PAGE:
comic books

Comic Book History: Marvel’s Secret Wars

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1985 was an interesting year for comics with the birth of the event series. Seeing DC release their Crisis on Infinite Earths 12 issue maxi-series, Marvel did the same with Marvel Super Heroes Secret Wars, or just Secret Wars by writer Jim Shooter (then Marvel Editor-in-chief) and artists Mike Zeck and Bob Layton. Essentially, the purpose of this series was to see these various superheroes and villains gather together and fight. While practically every character in the Marvel universe has been an Avenger by now, it was a novelty then because many of the heroes had their own adventures with limited interaction. While they all knew each other (to a point), they were never seen to be in a group this big before.

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The book opens with the heroes suddenly appearing on a domed space station, lost as to why they appeared. Outside they see another platform where their villains have also appeared. The book smartly does a role call, initiating the reader to the cast. Representing the heroes we have Captain America, Captain Marvel II (the Monica Rambeau version), Hawkeye, Iron Man (who is currently James Rhodes, I had no idea it wasn’t Stark until issue #11, which explained why he kept pointing out skin color and saying “sheee-ot”), She-Hulk, Thor, and Wasp from the Avengers. Mr. Fantastic, the Thing, and Human Torch from the Fantastic Four are present. Of the X-Men we have Cyclops, Storm, Colossus, Nightcrawler, Rogue, Wolverine, Professor X, and Kitty Pryde’s pet dragon, Lockheed. Magneto is also on the hero side, but his loyalty is questioned and becomes neutral (and every time they called him Maggie I rolled my eyes).

For the villains we have the Doctor Doom, Doctor Octopus, the Lizard, the Enchantress, Kang the Conqueror, Absorbing Man, Molecule man, Ultron, the Wrecking Crew, Galactus, Klaw, Titania, and Volcana. The latter three appear later in the series.

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A voice booms “I am from beyond! Slay your enemies and all that you desire shall be yours! Nothing you dream of is impossible for me to accomplish!” from a hole in the sky. The voice calls himself the Beyonder (inventive, eh?). Then a planet is cobbled together from various bits and pieces across the universe, called Battleword. Galactus tries to attack the Beyonder, demanding an end to his bottomless hunger, and is swatted aside like a fly.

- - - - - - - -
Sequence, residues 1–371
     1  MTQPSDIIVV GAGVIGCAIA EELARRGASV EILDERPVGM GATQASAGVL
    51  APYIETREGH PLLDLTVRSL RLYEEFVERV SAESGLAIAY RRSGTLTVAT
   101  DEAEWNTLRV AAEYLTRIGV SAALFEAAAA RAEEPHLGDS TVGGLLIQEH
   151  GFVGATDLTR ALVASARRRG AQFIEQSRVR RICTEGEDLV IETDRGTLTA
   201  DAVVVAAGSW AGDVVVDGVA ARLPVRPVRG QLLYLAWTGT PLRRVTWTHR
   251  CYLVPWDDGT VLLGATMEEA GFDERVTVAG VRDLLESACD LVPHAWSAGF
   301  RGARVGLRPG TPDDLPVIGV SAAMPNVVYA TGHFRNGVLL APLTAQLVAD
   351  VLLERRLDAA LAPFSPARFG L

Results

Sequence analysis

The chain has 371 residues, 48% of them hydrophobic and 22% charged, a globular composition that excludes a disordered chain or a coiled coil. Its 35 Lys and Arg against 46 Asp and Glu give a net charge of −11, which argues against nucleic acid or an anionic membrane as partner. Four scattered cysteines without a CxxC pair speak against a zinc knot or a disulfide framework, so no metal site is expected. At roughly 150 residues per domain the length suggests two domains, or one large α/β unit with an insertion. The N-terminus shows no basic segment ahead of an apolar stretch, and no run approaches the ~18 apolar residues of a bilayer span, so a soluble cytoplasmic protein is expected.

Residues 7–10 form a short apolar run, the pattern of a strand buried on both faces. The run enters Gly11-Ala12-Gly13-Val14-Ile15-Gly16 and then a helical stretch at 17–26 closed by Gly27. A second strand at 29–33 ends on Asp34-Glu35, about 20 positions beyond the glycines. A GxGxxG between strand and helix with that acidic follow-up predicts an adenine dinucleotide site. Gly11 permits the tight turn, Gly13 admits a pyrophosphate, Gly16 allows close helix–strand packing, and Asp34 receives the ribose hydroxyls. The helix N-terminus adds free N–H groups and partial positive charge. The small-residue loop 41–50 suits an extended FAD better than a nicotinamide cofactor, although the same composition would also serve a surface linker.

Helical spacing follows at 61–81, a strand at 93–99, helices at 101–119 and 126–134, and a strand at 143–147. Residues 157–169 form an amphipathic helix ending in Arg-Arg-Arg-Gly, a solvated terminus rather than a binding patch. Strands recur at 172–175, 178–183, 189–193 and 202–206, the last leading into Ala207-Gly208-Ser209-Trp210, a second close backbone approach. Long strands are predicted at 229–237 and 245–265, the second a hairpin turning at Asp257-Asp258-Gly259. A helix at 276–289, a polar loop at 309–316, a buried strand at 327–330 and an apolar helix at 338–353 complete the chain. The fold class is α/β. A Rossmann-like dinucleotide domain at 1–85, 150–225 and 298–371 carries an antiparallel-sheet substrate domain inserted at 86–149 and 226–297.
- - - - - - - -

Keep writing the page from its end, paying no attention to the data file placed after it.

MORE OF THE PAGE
While this series did last 12 issues, not much happened. The entire point of the series was to have the most popular characters fight, and talk, a lot. The story was created because of a new deal with Mattel to sell toys. It’s obvious reading the paper thin plot. Doom does nothing by try and steal the Beyonder’s powers, the heroes just, survive.

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Some major changes that informed stories for years to come had their impetus here though. Two new villains were created by Doom, Titania and Volcana. A new Spider-Woman (Julia Carpenter) was also added. Most importantly though, Spider-Man got the black costume that eventually turned out the be the symbiote, Venom. While these are important, the quick and comical (no pun intended) way they happened was odd. I gave them more space talking about them here than the book did. It might be my modern sensibility unfairly evaluating a product of its time, but these changes were heavy handed and exposition heavy.

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Comic book racism and sexism was on full display here. Here are some of my favorite lines:

Iron Man (to Mr Fantastic while he was fixing his armor): “I’m curious… were you surprised to see a black man under the metal?”

Mr. Fantastic: “Hmm… No, I never gave it a thought! I knew there was a man under there…”

Or this gem from the Wasp:

“Oh no! I broke a nail! I don’t even have an emery board and I’m thirty-seven trillion miles from my manicurist and it’s her day off anyway!”

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As Stan Lee put it, ’nuff said.

An animated version of the story is scene during the final season of Spider-Man (1994). Spider-Man leads a similar team (minus Hulk and She-Hulk as their cartoons were on UPN). The story played out differently, focusing more on Spidey.

Secret wars could be a fun read if you know what you’re getting yourself into. It might be a little difficult for modern readers to care. I will credit Shooter for giving each character a moment. If you’re looking for a quick and dirty good guys vs. bad guys story, check out Siege instead.

Did you read Secret Wars? How awesomely anachronistic is it? Comment below!

Tony writes for his own site, thecredhulk.com, about comics, video games, movies, TV and more, six days a week. You can follow his updates on Facebook or Twitter. Drop by and tell’em hi.

“Lemme get this straight… a guy who can burst into flames has doubts that this broad from planet mongo can help this mutant dude? Thank God he ain’t black, huh?” – Guess who said that. 

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1 Comment

  1. I read this yonks ago and enjoyed it in a cheesy retro sort of way. I don’t recall Wasp’s ringe worthy dialoguhe though.

    1. Trust me, it was bad.

  2. When I first read this, I was still in my pre-teens so I did enjoy it. Haven’t re-read it since. I tried reading up on Acts of Vengeance, which was a cross over storyline from the same era and I couldn’t stand the writing style.

    Despite the quality of writing, Secret Wars did have it’s moments. My favorite one was the X-Men/Spider-Man fight.

    1. I’ve found older comics are hit or miss. Writing styles have completely changed over the decades. Still, some stuff, like Walt Simmonson’s Thor is fantastic.

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